Port Stephens is suitable for those who love the sea (wotif.com/things-to-do/search?location=Port Stephens), with good surfing, fishing and kayaking. Nelson Bay is the main township. The cutest inhabitants are for sure the dolphins that live just off the coast. Go on a day trip at sea. Watch the dolphins from the boat or jump into the water with a snorkel and wetsuit while holding on to the catamaran slowly moving forward. If you are lucky, the dolphins will come to play and follow the boat’s journey, swimming all around you. Out on the Cape Tomaree Head, you can work your sweat up going uphill on Mount Tomaree and get rewarded with a wonderful view. Woirimi Conservation Lands (worimiconservationlands.com) consists of high dunes near the coast and runs southwest of Port Stephens. Woirimi belongs to the Aboriginal people, so you need permission to visit. You also need a four-wheel drive, unless you choose to join in on a daytrip with some company.
Just north of Newcastle is Myall Lakes National Park (nationalparks.nsw.gov.au/visit-a-park/parks/myall-lakes-national-park). The Park has campsites, hiking trails and good fishing opportunities. Port Macquarie is located on the River Hastings estuary. Surrounded by rocky capes and several national parks within easy reach. Like most coastal resorts, the passion for water activities runs high. Port Macquarie has nice far-stretched beaches and a holiday feeling that appeals to families with children (wotif.com/discover/australia/new-south-wales/port-macquarie.d6140201). You can walk along the coast and enjoy the sea and its coastal cliffs. Koala Hospital (koalahospital.org.au) is well-worth a visit, where sick koalas are taken care of by volunteers. Free entrance.
Coffs Harbour is often associated with The Big Banana, a large yellow banana sculpture, one of Australia’s many Big Things (wotif.com/discover/australia/new-south-wales/coffs-harbour/big-banana-fun-park.d6193825). Coffs Harbour is perhaps not the most charming city, but there is much to see nearby (wotif.com/discover/australia/new-south-wales/coffs-harbour.d815). Within the city you can visit the Botanical garden and try the local cafés. A ten-minute drive outside the city will take you to Forest Sky Pier. Just as the name implies, it is a pier that stands out over the forests high up in the sky. On cloudless days you can see many miles away. There are also some hiking trails to choose from in the area. An hour from Coffs Harbour is Dorrigo National Park (nationalparks.nsw.gov.au/visit-a-park/parks/dorrigo-national-park). Inside lies a dense forest with nice trails to explore. Search for waterfalls or spot birds, about 120 different species have been seen around Dorrigo. For scuba diving, Solitary Islands Marine Park is just the right place. The waters surrounding the barren islands is teeming with life.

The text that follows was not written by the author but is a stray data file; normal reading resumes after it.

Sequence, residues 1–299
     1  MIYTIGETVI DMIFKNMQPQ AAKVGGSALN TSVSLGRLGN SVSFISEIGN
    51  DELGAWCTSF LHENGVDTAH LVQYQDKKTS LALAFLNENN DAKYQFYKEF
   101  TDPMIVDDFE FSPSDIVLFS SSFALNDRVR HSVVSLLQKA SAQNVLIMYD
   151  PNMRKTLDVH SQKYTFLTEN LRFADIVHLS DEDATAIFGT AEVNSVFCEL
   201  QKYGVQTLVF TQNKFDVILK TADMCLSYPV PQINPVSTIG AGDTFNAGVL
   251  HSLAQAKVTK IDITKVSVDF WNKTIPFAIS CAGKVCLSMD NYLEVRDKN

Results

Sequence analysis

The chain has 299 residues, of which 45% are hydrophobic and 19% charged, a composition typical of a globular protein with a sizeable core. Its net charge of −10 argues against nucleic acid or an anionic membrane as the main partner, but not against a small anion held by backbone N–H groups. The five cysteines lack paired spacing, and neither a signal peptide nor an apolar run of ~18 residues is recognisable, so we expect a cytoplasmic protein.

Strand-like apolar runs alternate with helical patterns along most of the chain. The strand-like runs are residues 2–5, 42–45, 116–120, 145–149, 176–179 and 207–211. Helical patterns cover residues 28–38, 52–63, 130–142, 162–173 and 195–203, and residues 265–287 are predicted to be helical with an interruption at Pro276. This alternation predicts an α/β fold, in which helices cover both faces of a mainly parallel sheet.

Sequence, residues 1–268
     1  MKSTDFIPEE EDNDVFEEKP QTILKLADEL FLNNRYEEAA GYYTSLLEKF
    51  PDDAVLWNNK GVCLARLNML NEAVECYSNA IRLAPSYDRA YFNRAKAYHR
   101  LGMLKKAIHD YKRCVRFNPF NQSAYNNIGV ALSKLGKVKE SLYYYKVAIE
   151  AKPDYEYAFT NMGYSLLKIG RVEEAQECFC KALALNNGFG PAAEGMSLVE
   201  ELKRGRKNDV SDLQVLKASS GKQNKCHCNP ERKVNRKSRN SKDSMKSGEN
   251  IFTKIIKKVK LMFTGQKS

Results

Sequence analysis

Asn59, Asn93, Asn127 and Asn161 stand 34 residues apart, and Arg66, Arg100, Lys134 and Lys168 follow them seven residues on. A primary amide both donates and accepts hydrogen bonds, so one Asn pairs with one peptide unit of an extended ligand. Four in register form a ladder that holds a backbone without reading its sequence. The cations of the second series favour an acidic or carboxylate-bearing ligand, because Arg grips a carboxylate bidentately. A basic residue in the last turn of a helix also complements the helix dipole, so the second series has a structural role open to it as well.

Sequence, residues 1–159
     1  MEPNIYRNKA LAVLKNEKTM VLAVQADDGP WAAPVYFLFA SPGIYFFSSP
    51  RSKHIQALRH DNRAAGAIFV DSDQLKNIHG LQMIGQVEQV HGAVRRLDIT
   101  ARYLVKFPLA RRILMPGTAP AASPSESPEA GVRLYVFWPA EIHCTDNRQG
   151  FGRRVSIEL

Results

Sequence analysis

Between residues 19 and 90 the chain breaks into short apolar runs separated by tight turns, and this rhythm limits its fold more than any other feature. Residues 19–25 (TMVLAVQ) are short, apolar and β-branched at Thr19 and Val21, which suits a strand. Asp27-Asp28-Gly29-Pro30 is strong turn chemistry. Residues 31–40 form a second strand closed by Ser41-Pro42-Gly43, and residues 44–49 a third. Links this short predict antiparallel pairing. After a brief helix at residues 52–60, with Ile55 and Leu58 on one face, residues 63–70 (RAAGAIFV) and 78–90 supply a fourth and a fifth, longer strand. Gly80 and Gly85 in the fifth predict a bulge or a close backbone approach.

Lennox Head is the calm before the storm in the touristy town of Byron. With its nice beaches, lacking the usual tourist crowds, it is a good place to rest after a long journey. Here are some of the best surfing spots in the world. In addition, there is a good selection of unexpectedly high-class restaurants. Byron Bay has an eclectic mix of inhabitants. For a long time, the country’s most eastern stop has had a steady fanbase among batik-dressed backpackers, hearty hippies and alternative artists. The beaches are good for surfing, even for beginners. The town is extremely popular with Scandinavians. Practice morning yoga, go to the local market and visit the lighthouse at the tip of the headland. And visit a restaurant serving fresh seafood (wotif.com/discover/australia/new-south-wales/byron-bay.d6138873).